I am to go oout to Packerton & sleep with Hayes in the marquee. That will be splendid work as we shall have a chance of knowing and talking to the men. The only thing is that I should have loved to have “Jumbo” with us too.

Diary of Sydney Spencer, 13 September 1914 (D/EX801/12)

‘Transported into a Zulu village’: Sydney Spencer describes an army camp

Sydney and his friend “Jumbo” Oliphant were disappointed by the lack of a religious atmosphere at their YMCA camp, but he felt he was doing good work. He paints a colourful picture of the army camp he was serving in his diary:

Saturday September 12th

Saturday night after the Packerton work I went to the Co-operative Hall & banged the piano for two mortal hours for the men collected there. There were about 300 of them & the noise when they were all shouting was deafening in the extreme. I do not feel – neither does Jumbo – that the atmosphere which is allowed & tolerated is by any means what we expected or desired. When an institution sets out to be definitely Christian, & then seems to drop the matter of religion entirely into the background, – well – then one cannot but be disappointed & disgusted too. We don’t, when we get home at night, even have prayers or grace at meals or any other than vapid & even superficial conversation. Perhaps Jumbo & I are too anxious to see the deeper side of men’s religious convictions come uppermost. At any rate the work is jolly good work & it is a great pleasure to do this for the men, for the pleasant manners & simple jokes do one good.

Yesterday I went across to the trenches to see about our new marquee just being put up for us. The whole place, trenches & camp & all is surrounded by barbed wire fences. An ordinary fence of wood – posts about four feet apart & barbed twice are set-up & from each post wires are stretched, on either side to a distance of about 5 feet & then barbed wires are set along these at intervals, so that to the one trying to get through the obstruction there are some twelve or more stretches of barbed wire to obstruct him. Trenches are dug some feet deep. They appeared to be a good five* feet deep or more & about three feet wide. But why they should be so deep I do not see, since the soldiers have to be on a level so that though their bodies are hidden, yet their arms should be on a level with the surface of the ground so that they can level & use their muskets. Of course these trenches are protected in front by stacks of [sic] karkai coloured sandbags through which there must be holes so that they can fire through them. The insides of the trenches are lined with fine chicken gauge wire doubtless to keep the earth from falling and crumbling from the sides. There seem to be networks of these trenches all over the place. I was thunderstruck when I got into the camp itself. I expected to see a huge vista of white tents like flocks of geese on the landscape & suddenly I seemed transported into a Zulu village. The whole ground was covered with straw & hay & rushes. Huts were built all over the place. Simply posts driven into the ground, with cross pieces on the top. Sacking formed the basement of the covering in some places, & then straw, hay & even unthreshed barley & rushes are employed & are tied in bunches all around these erections, forming huts which are altogether the native Zulu huts. Some are quite open in front; & the ground is strewn with straw & hay, others are three parts enclosed, & even have a sacking doorway which completely encloses them. Those long sashes of reeds, which grow up the strand at home in Cookham are employed quite a lot as there are quantities of them in the freshwater ponds & ditches round here. Out of one of these huts – a large completely enclosed one – stumbled a boy of about 19, he had thick black hair & a turn-up nose, & small eyes. He was late for his drill, & he stumbled along, rubbing his eyes & screwing up his eyes in the daylight & looking distinctly not happy. That same young man visits our canteen pretty frequently & the cakes & pork pies he consumes are uncountable.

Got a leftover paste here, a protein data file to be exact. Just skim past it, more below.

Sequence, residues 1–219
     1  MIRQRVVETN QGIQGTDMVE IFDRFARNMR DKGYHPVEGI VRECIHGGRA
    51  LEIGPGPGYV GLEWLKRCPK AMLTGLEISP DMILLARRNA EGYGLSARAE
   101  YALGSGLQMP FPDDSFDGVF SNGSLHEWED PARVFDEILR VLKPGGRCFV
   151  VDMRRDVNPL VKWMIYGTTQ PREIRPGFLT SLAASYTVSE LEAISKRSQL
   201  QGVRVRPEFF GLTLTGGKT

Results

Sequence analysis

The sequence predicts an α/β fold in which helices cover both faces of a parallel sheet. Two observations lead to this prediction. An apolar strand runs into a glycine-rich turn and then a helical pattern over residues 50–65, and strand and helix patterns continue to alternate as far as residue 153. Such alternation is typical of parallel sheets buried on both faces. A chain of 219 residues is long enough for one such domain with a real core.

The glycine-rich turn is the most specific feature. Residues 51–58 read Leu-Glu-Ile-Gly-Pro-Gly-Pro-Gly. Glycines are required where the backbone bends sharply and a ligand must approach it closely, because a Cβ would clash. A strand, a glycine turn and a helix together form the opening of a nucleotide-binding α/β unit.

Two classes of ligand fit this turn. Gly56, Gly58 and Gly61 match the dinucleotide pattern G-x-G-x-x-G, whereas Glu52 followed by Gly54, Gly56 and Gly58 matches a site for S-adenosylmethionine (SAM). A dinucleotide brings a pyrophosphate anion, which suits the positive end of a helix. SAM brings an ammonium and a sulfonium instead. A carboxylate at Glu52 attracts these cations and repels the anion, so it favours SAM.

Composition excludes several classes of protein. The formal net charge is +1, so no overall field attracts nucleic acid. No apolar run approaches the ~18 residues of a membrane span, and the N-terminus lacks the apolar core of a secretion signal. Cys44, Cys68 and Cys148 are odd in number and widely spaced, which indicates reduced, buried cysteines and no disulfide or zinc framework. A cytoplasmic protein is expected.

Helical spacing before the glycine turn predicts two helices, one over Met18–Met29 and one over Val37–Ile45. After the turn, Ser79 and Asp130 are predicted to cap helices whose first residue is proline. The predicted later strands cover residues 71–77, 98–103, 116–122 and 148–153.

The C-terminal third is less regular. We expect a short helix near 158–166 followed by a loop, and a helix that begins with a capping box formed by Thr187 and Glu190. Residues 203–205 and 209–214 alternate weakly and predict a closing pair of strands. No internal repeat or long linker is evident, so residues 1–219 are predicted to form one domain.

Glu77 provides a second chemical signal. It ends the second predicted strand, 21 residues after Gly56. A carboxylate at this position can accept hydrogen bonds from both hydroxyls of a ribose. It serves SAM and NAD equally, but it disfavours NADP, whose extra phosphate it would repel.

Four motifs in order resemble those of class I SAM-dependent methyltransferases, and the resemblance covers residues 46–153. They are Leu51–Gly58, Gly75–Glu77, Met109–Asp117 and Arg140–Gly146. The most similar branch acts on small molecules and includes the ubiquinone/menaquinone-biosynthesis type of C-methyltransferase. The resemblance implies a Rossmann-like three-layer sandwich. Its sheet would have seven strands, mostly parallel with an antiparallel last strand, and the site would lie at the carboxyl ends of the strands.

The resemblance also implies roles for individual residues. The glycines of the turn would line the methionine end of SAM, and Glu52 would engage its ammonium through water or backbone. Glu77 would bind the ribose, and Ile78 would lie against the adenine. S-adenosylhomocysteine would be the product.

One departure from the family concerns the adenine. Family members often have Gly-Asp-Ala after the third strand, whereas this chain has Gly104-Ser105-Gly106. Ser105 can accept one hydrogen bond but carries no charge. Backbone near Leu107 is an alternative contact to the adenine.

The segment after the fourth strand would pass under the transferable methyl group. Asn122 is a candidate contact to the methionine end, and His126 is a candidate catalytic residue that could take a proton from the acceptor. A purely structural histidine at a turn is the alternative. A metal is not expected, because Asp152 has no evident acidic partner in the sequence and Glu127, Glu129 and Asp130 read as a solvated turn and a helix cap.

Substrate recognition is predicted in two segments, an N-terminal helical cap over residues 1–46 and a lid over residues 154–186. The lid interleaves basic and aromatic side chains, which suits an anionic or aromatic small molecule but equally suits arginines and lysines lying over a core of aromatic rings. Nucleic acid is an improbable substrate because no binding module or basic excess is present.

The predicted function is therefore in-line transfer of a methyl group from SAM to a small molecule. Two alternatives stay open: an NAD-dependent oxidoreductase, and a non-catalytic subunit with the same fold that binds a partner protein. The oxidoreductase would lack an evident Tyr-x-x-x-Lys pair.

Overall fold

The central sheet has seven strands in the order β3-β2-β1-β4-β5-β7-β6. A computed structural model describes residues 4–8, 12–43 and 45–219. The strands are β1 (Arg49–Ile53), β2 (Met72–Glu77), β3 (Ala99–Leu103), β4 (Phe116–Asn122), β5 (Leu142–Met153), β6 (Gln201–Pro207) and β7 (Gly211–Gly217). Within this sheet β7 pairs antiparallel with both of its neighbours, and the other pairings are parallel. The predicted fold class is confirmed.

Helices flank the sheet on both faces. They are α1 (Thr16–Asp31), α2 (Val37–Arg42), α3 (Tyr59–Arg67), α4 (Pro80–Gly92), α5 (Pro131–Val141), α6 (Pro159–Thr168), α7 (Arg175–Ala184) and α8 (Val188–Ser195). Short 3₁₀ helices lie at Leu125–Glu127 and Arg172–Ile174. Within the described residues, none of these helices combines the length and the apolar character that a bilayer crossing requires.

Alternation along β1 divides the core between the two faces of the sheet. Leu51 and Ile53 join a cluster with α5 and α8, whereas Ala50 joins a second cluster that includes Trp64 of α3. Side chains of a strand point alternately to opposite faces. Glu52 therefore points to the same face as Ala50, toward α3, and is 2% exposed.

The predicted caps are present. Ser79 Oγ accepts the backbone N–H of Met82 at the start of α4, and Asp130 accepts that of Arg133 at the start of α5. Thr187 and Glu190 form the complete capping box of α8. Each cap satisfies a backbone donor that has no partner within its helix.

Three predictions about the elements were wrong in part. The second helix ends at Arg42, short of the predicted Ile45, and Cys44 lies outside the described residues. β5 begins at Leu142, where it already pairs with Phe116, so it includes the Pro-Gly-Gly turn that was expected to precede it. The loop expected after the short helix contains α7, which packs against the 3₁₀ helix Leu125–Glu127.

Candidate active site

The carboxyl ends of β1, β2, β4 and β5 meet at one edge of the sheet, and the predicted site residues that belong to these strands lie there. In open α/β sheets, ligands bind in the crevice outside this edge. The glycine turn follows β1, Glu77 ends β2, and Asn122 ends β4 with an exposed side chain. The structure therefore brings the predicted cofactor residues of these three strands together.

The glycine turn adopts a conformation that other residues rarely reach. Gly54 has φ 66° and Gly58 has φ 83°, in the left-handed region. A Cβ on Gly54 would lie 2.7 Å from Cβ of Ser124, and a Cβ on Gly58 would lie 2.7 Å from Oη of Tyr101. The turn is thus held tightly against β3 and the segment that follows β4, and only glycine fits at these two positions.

* correct depth is 6ft 11 ins. (note added 13/10/14)

(Diary of Sydney Spencer, 12 September 1914, D/EX801/12)